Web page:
Consumer Reports Rates Prepaid Cards
When Consumer Reports talk, people listen. Whether it’s cars, refrigerators, electronics or even health care, the evaluations that Consumer Reports and its team of researchers and testers come up with are often the first place shoppers go when they’re trying to make a smart choice among lots of options.
With the release of its report, “Prepaid Cards: How they Rate on Value, Convenience, Safety and Fee Accessibility and Clarity” in July of 2013, the venerable magazine has now weighed in on the quality (or lack thereof) of many individual cards available on the market. Not surprisingly, of the 26 total cards that were examined, the ones that fared best in the rankings scored well in all four categories. “All the best prepaid cards have few types of fees, and offer consumers opportunities to avoid fees. Each is safe to use, carrying FDIC (Federal Deposit Insurance Corporation) insurance to the individual cardholder,” write the report’s authors. “All are convenient, with functionality that in many ways is on par with a checking account. Consumers looking to acquire these cards will find fee information accessible and easy to understand.”
Although none of the cards evaluated by Consumer Reports did well enough to garner an “excellent” rating, three of the cards were deemed “very good,” which was sufficient for them to be “recommended.” The three cards earning the Consumer Reports stamp of approval are:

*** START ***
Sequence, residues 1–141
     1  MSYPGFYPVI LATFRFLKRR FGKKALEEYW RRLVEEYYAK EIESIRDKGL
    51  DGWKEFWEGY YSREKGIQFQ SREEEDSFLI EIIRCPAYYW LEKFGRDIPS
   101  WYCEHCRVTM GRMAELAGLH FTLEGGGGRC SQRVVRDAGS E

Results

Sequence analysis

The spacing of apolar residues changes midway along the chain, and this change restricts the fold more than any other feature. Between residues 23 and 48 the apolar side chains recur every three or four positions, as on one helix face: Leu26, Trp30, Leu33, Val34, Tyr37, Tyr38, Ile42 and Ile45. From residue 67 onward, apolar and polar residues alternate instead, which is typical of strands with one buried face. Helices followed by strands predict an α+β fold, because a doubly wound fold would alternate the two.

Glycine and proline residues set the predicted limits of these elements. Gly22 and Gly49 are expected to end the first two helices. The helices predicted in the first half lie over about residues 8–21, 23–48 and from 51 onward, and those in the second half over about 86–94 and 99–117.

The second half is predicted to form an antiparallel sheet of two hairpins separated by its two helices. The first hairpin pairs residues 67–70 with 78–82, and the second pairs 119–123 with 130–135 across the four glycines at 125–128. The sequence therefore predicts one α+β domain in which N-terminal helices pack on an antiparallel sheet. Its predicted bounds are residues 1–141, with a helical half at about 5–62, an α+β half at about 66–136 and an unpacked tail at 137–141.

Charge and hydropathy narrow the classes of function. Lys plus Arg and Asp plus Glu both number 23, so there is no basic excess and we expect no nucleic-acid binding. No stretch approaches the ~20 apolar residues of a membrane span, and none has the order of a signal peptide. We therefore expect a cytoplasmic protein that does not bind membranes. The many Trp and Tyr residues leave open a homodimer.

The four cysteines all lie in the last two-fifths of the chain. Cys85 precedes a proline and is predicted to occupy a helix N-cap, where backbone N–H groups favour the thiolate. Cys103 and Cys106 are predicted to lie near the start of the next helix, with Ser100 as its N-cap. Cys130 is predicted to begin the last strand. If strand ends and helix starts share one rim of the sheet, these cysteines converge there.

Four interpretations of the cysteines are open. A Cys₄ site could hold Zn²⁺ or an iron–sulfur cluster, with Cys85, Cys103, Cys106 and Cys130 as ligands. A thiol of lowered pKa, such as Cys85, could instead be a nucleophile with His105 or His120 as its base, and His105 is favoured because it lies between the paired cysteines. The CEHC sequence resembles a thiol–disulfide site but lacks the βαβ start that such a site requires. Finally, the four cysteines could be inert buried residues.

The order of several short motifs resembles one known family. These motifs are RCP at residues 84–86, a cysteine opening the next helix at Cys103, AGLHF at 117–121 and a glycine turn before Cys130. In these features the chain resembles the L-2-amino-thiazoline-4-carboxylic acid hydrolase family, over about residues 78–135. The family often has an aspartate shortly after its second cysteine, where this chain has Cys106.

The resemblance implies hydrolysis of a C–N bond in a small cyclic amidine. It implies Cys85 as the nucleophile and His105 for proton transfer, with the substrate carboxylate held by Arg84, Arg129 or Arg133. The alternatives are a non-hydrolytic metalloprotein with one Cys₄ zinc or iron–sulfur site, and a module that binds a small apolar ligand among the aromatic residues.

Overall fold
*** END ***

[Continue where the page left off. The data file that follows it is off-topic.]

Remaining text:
• The Bluebird with direct deposit from American Express
• The H&R Block Emerald Prepaid MasterCard
• The Green Dot Card
And then there were all of the poorly rated cards. “All of the worst cards have high, unavoidable fees, including activation and monthly fees,” write the report’s authors. “Moreover, consumers are likely to have difficulty finding and understanding what those fees are.” To understand just how wide a variation there was in the overall score of the cards, consider that the top-ranked Bluebird earned 80 points across all four categories. By contrast, the lowest scorer – the American Express for Target card – tallied just 17 points. The three cards that earned the worst marks are:
• American Express for Target
• Redpack Mi Promesa Prepaid MasterCard
• Reach Visa Prepaid Card
Although Consumer Reports’ policy and advocacy division, Consumers Union, has followed prepaid cards for a number of years now, the organization decided to revisit the topic in more depth recently because of important changes in the marketplace. Perhaps most importantly, Consumer Reports notes that prepaid cards are simply getting more prevalent and popular, citing the fact that prepaid cards were used in 1.3 billion transactions totaling $77 billion in 2012 and by 2014 it is expected that $167 billion will be deposited into prepaid accounts. In addition, the report notes that large financial institutions, such as JP Morgan Chase and U.S. Bank, are now offering lower fee and more transparent cards. “In light of these developments, we decided to evaluate and rate prepaid cards,” says the report.